Experiences some thermal protection behavior after extended hard driving

The Tesla Model 3 is not yet officially being sold in Europe, so it's impossible to know how it will hold up to the rigors of Germany's speed-limitless (in places) Autobahn, right? Wrong. As you can see in the video above, it is indeed possible to know. Though not supported by the California automaker, a few examples of the mid-size sedan have made it across the pond to the Old Country.

Faithful InsideEVs readers may remember that time an outfit called NextMove set a driverless hypermiling record in the baby Tesla. Well, that same organization has let a Model 3 loose on the high-speed highway, allowing it stretch its legs all the way up to their limit. This being a non-Performance, Long Range battery, rear-wheel-drive version of the car, that top end is as supposedly 140 miles per hour (225 kph), though we've seen it do 142 mph on the Bonneville Salt Flats.

So, how did it do? Overall, we'd have to say pretty well. The driver was pushing it hard to see if he could get thermal protection behavior to happen and, eventually, he was successful. The lengths he had to go to, however, make it clear regular owners will never reach these limits. Not only did he drive at top speed for some distance, but he also did a number of hard accelerations from typical driving speeds to 140 mph. Ten of them, actually, before he finally noticed an effect. And, when forced to drive slower because of traffic or the occasional speed limit zone, the car normalized.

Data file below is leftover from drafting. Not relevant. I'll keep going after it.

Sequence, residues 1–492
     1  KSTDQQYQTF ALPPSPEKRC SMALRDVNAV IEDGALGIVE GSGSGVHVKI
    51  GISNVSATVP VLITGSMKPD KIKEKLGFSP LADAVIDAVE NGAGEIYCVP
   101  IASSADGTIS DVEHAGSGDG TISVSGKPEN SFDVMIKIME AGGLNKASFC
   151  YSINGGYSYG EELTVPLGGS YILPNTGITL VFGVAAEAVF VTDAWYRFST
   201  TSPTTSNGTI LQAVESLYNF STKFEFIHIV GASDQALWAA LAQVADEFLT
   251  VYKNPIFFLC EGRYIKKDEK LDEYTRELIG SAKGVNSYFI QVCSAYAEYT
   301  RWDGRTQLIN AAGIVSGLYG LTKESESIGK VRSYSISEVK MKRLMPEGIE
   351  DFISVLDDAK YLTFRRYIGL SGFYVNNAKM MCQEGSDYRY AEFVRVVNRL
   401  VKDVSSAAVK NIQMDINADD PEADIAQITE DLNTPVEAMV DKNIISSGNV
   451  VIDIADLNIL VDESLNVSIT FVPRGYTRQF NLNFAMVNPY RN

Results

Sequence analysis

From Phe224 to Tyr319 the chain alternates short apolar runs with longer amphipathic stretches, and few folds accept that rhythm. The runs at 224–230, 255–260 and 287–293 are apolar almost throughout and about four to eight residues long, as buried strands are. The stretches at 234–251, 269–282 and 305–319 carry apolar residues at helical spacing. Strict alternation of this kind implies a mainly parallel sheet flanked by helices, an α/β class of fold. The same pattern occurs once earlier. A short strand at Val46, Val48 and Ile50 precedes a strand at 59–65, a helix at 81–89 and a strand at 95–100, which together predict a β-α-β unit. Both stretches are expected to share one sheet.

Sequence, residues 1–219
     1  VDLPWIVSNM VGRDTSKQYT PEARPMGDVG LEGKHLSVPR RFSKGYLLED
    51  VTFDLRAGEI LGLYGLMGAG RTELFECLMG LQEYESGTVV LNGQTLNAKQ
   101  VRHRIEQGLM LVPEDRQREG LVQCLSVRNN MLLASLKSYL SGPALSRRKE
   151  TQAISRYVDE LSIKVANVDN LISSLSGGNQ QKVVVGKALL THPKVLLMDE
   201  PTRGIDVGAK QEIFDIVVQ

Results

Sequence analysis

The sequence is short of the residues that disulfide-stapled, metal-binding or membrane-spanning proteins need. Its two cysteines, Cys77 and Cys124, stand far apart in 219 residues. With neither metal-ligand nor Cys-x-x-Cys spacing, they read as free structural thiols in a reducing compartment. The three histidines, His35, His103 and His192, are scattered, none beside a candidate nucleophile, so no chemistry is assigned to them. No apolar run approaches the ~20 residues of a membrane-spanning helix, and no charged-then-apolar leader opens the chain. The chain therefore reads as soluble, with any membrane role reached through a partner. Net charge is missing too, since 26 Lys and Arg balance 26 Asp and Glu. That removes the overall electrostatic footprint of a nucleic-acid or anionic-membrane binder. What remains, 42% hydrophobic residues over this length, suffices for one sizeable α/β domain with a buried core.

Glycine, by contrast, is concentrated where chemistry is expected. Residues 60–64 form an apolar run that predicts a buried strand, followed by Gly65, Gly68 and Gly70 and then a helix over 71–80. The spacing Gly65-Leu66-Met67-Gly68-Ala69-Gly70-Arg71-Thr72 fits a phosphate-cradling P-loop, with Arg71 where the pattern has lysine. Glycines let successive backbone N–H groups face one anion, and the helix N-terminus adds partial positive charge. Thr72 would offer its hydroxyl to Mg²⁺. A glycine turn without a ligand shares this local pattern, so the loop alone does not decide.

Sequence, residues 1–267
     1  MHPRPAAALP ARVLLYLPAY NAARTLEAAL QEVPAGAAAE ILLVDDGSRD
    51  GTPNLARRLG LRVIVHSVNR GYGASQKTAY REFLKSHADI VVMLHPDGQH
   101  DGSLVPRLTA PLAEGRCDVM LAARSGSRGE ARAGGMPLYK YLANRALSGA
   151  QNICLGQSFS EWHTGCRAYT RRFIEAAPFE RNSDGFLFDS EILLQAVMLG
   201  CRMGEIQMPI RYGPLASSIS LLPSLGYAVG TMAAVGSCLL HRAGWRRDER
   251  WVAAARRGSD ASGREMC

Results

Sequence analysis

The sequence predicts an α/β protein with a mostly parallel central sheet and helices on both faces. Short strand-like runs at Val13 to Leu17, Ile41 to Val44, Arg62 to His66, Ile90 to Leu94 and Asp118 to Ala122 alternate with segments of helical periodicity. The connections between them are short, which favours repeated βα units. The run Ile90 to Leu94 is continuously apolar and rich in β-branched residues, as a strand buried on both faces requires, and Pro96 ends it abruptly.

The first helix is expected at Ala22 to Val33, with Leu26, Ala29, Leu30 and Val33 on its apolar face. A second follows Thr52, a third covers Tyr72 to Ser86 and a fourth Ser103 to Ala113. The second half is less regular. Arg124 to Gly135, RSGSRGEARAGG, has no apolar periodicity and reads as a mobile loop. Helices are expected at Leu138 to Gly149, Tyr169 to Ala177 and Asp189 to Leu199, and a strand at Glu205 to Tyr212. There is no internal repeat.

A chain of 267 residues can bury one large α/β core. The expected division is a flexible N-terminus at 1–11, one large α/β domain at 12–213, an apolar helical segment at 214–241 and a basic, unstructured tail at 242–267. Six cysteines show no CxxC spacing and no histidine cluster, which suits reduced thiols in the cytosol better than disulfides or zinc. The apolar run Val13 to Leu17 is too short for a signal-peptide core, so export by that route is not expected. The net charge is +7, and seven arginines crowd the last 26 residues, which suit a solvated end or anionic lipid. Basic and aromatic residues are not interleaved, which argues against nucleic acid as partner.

Now, there was one instance deep into the roughly 100-mile drive between Leipzig and Erfurt where the car did exhibit an odd behavior. At the 4:44 mark, he puts his foot into it at 90 kph (55.9 mph), but the acceleration is very limited. Apparently, it lasts for a few seconds and then resumes as normal. It would be interesting (for us and, we imagine, Tesla engineers) to know what exactly occurred here. Unfortunately, as we said, cars in Europe are unsupported until deliveries officially begin and so we may have to wait and see if this occurs in another customer's car.

For now, though, check out the video for the all the action. If you aren't a German-language speaker, click on the closed caption (CC) icon for an English translation. Enjoy!

Source: YouTube

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